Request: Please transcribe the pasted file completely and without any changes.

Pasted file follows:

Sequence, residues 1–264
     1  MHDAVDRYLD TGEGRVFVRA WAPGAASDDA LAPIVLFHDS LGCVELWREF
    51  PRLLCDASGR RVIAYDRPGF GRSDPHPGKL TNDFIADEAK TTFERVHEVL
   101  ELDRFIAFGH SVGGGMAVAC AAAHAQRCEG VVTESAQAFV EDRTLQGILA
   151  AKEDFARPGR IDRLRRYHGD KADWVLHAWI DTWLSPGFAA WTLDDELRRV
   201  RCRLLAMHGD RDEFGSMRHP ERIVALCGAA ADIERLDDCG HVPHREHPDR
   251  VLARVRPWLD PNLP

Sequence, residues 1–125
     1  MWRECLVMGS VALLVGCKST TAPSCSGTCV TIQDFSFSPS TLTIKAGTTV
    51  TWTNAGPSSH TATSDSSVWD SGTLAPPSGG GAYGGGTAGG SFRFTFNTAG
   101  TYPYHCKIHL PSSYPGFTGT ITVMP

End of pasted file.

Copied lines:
Sequence, residues 1–264
     1  MHDAVDRYLD TGEGRVFVRA WAPGAASDDA LAPIVLFHDS LGCVELWREF
    51  PRLLCDASGR RVIAYDRPGF GRSDPHPGKL TNDFIADEAK TTFERVHEVL
   101  ELDRFIAFGH SVGGGMAVAC AAAHAQRCEG VVTESAQAFV EDRTLQGILA
   151  AKEDFARPGR IDRLRRYHGD KADWVLHAWI DTWLSPGFAA WTLDDELRRV
   201  RCRLLAMHGD RDEFGSMRHP ERIVALCGAA ADIERLDDCG HVPHREHPDR
   251  VLARVRPWLD PNLP

Sequence, residues 1–125
     1  MWRECLVMGS VALLVGCKST TAPSCSGTCV TIQDFSFSPS TLTIKAGTTV
    51  TWTNAGPSSH TATSDSSVWD SGTLAPPSGG GAYGGGTAGG SFRFTFNTAG
   101  TYPYHCKIHL PSSYPGFTGT ITVMP